I am always puzzled when Christians insist that mercy is only for the repentant. Mercy is for everyone. I don't know about you, but I want mercy even for the unrepentant. Pope Francis is insistent that The Name of God is Mercy. In other words, God does not withhold mercy from anyone. I suppose it is possible to reject God's mercy. I suspect that for many it's not so much an outright rejection of God's mercy given us in Christ as much as thinking it too good to be true. Hence, those of us who have accepted God's mercy, out of love and in a loving manner, need to demonstrate the reality of this very Good NewsWhile I will keep private what he wrote to me, I will share an edited and expanded version of the substantive part of my reply.
Mercy can be a tricky concept, which makes it all the more important to be clear about what we mean when we use it. This is often the case with simple concepts - the simpler it is, the more complex we're prone to make it. I think this is especially true in matters pertaining to theology, especially for those of us who take it seriously. In the fourth volume of the theological encyclopedia Sacramentum Mundi, theologian Adolf Darlap began his short article on mercy thus: "the readiness of God to come to the aid of his distressed creature out of free grace" (10).
No one can earn or ever "make" himself worthy of God's mercy. All I can do is acknowledge my need for it and then receive it. Only by God's grace are we ever worthy. It is God who makes us worthy. In Christ, the Father has deemed everyone worthy of Divine Mercy. Isn't this St. Faustina's message?
God never withholds mercy. We remain free to deny or refuse it, however. It cannot be stated enough: God does not withhold mercy! God is merciful because God is love (1 John 4:8.16). It is never a question as to whether or not God loves you. The only relevant question is, Do you love God? It makes all the difference in the world to get these things the right way around. If we don't we run the risk of reinforcing the widely held view of "the Christian God," which is that of an angry and demanding tyrant, who demands our acquiescence and remains angry if we refuse to give in. In other words, like the father in Jesus' Parable of the Prodigal Son (Luke 15:11-32), God is not vindictive, but patient and actively looking for his child to come home. Of course, the prodigal son could've stayed far away and unreconciled. I think it was Henri Nouwen who suggested that the title of the parable could easily be "The Parable of the Profligate Father."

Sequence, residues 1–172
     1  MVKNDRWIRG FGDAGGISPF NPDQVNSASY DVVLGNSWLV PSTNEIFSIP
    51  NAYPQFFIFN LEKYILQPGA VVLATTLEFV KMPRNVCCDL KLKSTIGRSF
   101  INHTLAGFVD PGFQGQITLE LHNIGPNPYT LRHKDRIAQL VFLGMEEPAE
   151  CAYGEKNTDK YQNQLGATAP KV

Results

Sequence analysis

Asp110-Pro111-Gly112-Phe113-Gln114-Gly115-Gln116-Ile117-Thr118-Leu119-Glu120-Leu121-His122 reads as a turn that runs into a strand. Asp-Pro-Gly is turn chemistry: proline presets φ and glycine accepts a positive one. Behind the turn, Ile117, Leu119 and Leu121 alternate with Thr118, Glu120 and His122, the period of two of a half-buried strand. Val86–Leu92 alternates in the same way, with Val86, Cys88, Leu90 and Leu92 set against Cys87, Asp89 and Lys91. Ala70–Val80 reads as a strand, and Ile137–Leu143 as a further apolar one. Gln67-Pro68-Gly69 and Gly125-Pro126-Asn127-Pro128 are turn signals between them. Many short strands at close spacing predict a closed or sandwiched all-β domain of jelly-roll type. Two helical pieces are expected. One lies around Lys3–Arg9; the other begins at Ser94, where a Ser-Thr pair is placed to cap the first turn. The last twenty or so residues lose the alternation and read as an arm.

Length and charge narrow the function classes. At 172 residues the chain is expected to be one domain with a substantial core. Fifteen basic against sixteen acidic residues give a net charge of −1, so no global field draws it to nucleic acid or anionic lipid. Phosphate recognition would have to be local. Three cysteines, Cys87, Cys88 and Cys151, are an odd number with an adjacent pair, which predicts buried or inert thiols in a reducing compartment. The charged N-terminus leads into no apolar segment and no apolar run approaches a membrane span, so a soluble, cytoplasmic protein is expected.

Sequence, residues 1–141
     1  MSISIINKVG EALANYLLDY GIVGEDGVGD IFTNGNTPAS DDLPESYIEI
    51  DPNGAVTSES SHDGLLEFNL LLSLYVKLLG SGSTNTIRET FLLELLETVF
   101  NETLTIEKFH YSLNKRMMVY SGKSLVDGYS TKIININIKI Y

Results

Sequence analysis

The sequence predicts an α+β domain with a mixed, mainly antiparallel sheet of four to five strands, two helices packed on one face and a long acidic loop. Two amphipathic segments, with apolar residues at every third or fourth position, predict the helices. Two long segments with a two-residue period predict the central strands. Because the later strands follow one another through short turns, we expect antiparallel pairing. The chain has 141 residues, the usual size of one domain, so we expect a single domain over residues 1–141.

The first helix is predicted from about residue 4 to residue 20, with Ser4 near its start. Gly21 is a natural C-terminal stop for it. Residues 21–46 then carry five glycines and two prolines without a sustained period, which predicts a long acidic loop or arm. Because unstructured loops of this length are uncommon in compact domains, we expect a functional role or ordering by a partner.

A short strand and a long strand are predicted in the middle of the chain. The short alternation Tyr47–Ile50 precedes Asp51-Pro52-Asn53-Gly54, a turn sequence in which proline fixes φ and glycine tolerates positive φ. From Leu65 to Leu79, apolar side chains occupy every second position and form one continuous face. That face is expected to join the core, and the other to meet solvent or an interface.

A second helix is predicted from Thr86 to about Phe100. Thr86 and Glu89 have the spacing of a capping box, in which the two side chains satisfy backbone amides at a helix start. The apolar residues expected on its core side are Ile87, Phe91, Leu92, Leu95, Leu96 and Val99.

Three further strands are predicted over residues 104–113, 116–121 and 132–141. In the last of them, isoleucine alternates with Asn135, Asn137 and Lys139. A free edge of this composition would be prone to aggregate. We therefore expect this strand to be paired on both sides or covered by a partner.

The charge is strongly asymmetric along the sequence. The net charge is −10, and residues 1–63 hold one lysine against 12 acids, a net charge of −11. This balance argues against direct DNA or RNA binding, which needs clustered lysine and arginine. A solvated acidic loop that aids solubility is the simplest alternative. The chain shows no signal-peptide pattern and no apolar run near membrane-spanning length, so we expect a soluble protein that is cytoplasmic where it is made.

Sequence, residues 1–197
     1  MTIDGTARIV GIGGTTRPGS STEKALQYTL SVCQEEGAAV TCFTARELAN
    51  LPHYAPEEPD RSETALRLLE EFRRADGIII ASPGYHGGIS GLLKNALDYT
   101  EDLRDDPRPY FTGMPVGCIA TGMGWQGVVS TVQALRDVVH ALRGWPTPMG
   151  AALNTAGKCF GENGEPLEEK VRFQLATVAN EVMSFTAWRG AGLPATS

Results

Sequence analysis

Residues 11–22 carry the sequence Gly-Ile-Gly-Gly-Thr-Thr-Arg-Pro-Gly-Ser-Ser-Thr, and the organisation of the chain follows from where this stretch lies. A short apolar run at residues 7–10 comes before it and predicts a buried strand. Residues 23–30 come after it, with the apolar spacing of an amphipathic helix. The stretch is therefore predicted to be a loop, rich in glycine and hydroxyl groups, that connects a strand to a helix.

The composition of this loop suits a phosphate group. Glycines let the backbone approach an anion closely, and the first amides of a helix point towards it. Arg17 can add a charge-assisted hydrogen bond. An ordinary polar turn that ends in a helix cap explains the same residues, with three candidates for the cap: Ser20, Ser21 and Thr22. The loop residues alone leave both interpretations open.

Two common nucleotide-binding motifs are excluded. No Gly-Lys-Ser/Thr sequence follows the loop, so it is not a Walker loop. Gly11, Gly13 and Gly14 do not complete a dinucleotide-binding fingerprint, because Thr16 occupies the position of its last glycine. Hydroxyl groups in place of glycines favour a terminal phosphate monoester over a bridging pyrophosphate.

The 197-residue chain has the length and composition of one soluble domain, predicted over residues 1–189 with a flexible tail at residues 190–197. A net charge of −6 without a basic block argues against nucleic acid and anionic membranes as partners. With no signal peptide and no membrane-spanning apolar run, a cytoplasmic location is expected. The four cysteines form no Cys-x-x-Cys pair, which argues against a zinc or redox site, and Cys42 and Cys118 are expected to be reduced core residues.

Divine mercy isn't that different, if it differs at all, from "ordinary" mercy. It's a distinction that makes no sense in Christian terms. It may well be the case that something other than mercy is being invoked, but to play God's mercy off against "ordinary" mercy strikes me as a false move. If there was such a vast difference then the very point of Jesus' Parable of the Prodigal Son would be rendered moot because we would be incapable of being merciful. But over and again Christ bids us to act mercifully, even telling us "Blessed are the merciful, for they will be shown mercy" (Matt 5:7). If we're going to compare mercy to a worldly mindset, then let's just say that according to such a mindset mercy makes no sense at all.